Three smartphone apps for law enforcement

By Tim Dees
for PoliceOne.com

Since smartphones such as the iPhone, BlackBerry and the various models running the Android operating system carry as much computing power as a desktop machine of a few years ago, the applications or “apps” written for them are powerful, as well. New and improved apps can give you capabilities on the street you never had before.

LexisNexis Accurint

Criminal justice databases give law enforcement officers access to criminal history and wants information, but often lag behind on information such as current residence, employment, and financial transaction data. That’s where public records data can fill in the gap. LexisNexis’ Accurint product is used by many law enforcement agencies to help locate and track bad guys who try and fly under the radar of the criminal justice system. Subscribers to this service can now access the database through an app for the iPhone and BlackBerry platforms.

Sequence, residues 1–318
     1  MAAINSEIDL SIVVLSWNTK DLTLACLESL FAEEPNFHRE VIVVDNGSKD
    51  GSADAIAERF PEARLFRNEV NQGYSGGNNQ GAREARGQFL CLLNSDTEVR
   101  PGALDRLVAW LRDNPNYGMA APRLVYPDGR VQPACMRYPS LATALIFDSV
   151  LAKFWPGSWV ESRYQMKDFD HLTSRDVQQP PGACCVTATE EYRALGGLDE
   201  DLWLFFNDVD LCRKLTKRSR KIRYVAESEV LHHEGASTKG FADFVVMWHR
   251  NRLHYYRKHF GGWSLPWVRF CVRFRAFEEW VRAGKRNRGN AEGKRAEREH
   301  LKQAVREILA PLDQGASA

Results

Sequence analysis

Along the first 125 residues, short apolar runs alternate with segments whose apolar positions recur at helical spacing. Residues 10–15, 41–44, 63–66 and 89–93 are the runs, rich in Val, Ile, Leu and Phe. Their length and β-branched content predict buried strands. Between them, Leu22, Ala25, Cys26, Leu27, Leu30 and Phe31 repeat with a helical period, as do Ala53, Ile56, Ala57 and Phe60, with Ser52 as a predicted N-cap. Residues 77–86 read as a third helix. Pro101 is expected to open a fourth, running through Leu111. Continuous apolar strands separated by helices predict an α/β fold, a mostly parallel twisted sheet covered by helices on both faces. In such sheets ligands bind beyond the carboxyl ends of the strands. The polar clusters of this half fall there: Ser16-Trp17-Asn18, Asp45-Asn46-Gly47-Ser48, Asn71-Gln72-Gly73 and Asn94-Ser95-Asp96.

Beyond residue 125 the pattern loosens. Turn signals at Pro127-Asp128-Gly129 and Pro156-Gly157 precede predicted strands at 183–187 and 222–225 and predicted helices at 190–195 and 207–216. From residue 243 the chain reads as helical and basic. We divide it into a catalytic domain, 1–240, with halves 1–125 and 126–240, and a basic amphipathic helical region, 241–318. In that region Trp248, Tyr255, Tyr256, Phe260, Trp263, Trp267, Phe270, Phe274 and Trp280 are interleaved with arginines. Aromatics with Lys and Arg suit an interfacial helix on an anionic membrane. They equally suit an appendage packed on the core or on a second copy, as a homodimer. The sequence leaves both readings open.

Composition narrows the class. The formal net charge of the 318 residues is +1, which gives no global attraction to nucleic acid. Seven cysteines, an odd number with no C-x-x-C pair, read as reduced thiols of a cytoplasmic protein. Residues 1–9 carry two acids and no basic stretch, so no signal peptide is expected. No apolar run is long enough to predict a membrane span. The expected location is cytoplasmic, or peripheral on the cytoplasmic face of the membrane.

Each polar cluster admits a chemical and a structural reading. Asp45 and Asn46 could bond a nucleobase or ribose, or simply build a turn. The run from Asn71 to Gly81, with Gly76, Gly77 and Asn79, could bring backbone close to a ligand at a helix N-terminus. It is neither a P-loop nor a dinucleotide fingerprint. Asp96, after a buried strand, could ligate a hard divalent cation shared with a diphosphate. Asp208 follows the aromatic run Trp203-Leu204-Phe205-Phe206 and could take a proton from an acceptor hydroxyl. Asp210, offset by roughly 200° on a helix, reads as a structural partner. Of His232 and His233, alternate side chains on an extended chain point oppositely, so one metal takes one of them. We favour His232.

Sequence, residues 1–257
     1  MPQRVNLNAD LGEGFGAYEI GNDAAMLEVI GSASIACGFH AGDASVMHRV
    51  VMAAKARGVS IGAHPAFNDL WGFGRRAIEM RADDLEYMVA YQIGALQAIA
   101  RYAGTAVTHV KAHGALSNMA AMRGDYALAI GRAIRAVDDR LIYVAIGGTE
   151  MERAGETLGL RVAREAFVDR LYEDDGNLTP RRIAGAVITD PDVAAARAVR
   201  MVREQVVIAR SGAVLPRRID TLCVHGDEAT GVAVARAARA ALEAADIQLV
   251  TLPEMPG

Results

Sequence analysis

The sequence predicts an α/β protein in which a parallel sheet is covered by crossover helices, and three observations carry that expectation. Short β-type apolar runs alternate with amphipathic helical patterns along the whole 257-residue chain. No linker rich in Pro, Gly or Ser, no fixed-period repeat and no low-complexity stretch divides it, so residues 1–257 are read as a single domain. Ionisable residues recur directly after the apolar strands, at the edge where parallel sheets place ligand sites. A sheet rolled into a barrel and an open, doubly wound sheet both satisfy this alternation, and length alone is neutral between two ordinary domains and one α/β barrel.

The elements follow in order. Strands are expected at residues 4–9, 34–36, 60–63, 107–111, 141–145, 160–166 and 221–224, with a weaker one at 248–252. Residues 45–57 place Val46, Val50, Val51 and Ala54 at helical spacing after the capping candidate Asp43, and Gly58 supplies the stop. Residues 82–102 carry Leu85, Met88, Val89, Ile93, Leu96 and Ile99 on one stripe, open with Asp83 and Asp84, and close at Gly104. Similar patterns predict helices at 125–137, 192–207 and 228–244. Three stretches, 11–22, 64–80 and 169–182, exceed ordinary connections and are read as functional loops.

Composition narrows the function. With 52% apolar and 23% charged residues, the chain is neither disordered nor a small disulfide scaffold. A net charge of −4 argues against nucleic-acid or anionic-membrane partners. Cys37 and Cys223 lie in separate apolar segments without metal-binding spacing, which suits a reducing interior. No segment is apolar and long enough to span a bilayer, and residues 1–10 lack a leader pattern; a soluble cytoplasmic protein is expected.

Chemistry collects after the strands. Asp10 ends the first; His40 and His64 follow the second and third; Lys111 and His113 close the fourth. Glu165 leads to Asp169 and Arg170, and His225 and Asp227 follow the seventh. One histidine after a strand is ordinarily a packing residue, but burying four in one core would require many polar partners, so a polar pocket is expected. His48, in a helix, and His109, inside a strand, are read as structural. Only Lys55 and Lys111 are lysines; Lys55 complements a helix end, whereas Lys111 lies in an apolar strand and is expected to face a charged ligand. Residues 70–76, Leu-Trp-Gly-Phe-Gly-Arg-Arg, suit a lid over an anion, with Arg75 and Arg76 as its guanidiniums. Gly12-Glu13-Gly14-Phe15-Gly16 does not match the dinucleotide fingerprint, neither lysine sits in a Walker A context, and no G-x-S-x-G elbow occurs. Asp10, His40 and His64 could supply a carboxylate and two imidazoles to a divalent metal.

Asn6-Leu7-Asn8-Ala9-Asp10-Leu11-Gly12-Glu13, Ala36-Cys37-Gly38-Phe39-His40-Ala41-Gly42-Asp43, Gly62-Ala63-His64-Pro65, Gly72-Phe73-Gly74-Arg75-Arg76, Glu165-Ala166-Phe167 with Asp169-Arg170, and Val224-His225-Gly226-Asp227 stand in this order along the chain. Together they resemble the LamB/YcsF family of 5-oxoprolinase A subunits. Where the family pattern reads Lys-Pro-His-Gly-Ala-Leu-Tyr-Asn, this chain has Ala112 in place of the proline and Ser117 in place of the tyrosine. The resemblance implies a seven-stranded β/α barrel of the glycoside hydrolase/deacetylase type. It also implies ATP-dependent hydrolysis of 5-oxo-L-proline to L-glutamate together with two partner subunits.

Write & Say and Google Translate
There are several foreign language phrasebook and translation apps, most of which confine the user to a set of pre-programmed sentences optimized for travel, business, law enforcement, etc. Those are occasionally useful, but they aren’t much help when you have someone telling you something you can’t understand, or when your need to tell them something falls outside one of the canned passages.

Magic Plan
Magic Plan is an app designed to produce quick floor plans of interiors. When I was playing with it to produce a floor plan of my home’s “great room,” it occurred to me this would be useful for producing diagrams of crime scenes. The app uses the smartphone’s camera and some superimposed dimension lines to record a room’s corners, doorways, windows and openings. You stand in the middle of the room and point the camera at each feature’s boundaries, clicking an onscreen button when intersecting lines are over the corner shown on the display. You go around the room, recording each corner and doorway, then close the loop by re-recording the first corner.

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Do you carry a smartphone with you on duty? Do you recommend any must-have apps?